If I had to pick a favorite of the traditional D&D dragons, I'd have to say that I like the Silver Dragons. They like to be with humans and even take the form of humans for extended periods of time. It wasn't hard for me to imagine that at least one silver dragon, over time, would have fallen in love with a human and somehow opted to stay human for the life of their beloved. As bloodthirsty as some of the groups were, no one every killed or even attacked a silver dragon.

Having said that, I will always remember the day I borrowed a friend's copy of Best of Dragon 3. With a title like That's Not in the Monster Manual, I skipped everything else and started reading there. Since that time in 1984 (I know it was published in 1983, we were in the middle of nowhere), I have always enjoyed the Gem Dragons.

First off, these guys were neutral. That meant I could have a druid dragon, if I really wanted. More than that, these guys worked out situations for their personal benefit without the cumbersome issue of working for the greater good. When my guys encountered an emerald dragon, it offered information and a bit of treasure in exchange for some information the players had. Later on when they met, the emerald dragon fired on all cylinders because the party had nothing valuable and it wanted its treasure back.

I also enjoyed that, as written, gem dragons were psionic. When the party once arrogantly went after Sardior, the ruby dragon, they were shocked (for some reason) that the dragon was unsuprised by their attack, prepared for their tactics and employed ESP and Clairvoyance to gain a tremendous advantage. I was able to voice something along the lines of the following:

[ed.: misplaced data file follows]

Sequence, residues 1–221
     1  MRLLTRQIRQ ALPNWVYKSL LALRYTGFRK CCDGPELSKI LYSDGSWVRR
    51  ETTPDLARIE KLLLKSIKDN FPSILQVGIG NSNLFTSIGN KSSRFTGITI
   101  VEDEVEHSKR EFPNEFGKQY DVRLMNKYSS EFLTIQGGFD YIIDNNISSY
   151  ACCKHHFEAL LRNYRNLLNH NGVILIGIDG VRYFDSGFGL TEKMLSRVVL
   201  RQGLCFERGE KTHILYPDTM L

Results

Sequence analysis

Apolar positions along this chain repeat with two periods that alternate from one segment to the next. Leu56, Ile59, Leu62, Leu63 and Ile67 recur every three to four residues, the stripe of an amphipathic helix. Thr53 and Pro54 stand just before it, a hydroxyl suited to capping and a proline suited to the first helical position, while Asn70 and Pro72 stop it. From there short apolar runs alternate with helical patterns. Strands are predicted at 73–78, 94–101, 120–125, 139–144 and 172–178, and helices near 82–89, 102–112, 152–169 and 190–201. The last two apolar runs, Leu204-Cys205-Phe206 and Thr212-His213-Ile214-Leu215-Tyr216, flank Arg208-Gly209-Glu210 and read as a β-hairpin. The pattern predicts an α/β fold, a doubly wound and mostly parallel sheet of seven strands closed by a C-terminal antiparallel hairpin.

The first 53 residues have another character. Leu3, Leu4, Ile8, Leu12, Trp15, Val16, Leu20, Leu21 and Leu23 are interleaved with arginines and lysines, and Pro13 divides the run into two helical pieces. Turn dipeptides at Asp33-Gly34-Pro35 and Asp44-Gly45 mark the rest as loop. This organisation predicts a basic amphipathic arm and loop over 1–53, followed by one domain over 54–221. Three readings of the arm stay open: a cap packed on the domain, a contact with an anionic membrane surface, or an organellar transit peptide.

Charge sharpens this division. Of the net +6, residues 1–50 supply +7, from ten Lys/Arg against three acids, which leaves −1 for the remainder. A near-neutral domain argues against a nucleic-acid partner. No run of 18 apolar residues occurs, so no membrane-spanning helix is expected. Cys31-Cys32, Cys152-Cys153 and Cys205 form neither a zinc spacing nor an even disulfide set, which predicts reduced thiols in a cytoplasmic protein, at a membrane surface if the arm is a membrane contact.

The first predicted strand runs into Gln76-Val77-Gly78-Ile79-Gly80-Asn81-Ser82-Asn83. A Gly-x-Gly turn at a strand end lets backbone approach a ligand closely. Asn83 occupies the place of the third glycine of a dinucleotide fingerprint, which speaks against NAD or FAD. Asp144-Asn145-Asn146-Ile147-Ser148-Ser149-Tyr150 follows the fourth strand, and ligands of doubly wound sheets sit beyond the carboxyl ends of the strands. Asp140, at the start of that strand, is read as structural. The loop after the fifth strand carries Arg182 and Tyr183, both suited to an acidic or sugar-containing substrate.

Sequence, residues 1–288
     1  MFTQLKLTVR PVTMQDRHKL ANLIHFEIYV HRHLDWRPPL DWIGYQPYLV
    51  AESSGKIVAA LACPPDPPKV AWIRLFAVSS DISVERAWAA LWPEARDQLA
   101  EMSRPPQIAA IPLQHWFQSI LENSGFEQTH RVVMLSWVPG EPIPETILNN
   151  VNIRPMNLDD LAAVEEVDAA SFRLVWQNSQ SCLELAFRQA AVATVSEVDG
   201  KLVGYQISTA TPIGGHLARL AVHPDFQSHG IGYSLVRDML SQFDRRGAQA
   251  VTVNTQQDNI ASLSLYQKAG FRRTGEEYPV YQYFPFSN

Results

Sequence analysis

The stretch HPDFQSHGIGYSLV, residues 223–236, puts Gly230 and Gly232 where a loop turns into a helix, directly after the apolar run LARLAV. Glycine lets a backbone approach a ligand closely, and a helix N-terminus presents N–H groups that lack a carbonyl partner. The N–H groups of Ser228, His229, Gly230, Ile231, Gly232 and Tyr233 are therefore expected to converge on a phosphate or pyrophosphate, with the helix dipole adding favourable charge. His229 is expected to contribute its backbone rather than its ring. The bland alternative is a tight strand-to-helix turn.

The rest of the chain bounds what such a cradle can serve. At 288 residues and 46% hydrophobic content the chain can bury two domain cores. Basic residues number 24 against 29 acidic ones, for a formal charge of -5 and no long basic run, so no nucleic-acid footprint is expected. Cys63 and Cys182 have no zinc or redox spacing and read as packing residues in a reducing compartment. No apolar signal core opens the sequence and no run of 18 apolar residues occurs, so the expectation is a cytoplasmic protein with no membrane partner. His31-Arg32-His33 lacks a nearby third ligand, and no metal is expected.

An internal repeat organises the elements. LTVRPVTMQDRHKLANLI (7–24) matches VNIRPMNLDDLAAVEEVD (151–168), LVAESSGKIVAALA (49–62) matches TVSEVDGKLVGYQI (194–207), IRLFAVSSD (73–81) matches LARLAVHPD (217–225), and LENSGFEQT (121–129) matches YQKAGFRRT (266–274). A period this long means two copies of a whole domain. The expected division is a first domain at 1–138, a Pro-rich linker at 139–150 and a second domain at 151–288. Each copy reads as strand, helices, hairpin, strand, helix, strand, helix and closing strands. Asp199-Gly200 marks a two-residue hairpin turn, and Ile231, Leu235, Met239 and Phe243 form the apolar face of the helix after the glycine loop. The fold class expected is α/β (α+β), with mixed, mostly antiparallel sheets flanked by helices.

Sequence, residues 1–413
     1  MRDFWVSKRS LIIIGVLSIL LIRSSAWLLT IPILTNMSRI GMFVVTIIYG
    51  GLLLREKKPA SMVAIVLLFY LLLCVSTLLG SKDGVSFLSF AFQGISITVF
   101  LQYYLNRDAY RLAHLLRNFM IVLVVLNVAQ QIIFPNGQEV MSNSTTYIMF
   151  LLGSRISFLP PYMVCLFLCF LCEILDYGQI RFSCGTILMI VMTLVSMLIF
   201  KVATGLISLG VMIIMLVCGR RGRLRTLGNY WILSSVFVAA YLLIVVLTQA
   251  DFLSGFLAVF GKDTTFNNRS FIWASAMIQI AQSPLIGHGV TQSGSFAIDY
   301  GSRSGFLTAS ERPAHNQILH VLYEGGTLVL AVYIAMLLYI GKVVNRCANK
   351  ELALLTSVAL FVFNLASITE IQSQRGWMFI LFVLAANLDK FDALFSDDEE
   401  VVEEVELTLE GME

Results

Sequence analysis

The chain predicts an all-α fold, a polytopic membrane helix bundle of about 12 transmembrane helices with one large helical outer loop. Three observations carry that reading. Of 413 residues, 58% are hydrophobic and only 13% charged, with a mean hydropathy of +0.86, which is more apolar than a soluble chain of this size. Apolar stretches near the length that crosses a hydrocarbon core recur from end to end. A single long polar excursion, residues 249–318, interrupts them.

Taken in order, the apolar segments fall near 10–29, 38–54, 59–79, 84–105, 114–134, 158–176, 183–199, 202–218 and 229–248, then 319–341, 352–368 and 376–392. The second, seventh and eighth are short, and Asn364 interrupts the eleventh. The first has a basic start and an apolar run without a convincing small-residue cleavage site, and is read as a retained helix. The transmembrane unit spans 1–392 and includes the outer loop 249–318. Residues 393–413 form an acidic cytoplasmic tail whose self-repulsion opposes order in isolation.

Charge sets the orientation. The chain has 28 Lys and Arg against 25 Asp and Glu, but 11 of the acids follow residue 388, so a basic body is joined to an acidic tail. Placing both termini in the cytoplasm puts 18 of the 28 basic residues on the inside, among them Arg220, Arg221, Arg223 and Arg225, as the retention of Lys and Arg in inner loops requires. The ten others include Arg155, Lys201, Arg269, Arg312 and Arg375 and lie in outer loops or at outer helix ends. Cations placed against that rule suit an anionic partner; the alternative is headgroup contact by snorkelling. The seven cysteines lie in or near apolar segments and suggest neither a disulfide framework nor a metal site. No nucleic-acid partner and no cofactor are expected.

For all you know, I changed my breath weapon just before you got here. You didn't think the leader of the gem dragons would actually be alone, do you? Look up before you die, love, I would so like you to enjoy my handiwork before the trap I laid ends your life.

Dragons are tough enough, but one with a psionic blast is really tough. Without a psionic character, many PCs didn't stand much of a chance.

Nowadays, I play dragons differently. I use E.G. Palmer's Random Unique Dragon Generator to make the dragon. On top of that my dragons use their mouth to deliver any magic spell. It looks like they are using their breath weapon, when in fact, they are casting a spell. This means that all magic-wielding dragons breathe fire, but only because it is a common spell among dragons. When you think about dragons delivering spells like their breath weapons, you can easily come up with some fairly nasty spells that have limited to no use to human Magic-Users.

I also take out an old monster entry from 1984 about Striped Dragons that I wrote. Sometimes the striped dragon looks like a striped dragon, other times it looked more or less like one of its parents. Regardless of its ancestry, though, a striped dragon always had the breath weapon of each parent.

Before signing off for the night, here are some other thoughts on dragons.

  • How Dragons Are Born explains why dragons are so longed lived.
  • Granite and Thunder dragons were created as an alternative to the chromatic or metallic species.
  • One day, I'll even stat the three pearl dragons I mentioned in the Drakkangraal series of posts.

Just for fun, put a dragon you made with the Random Unique Dragon Generator in the comments. I'm curious what we come up with.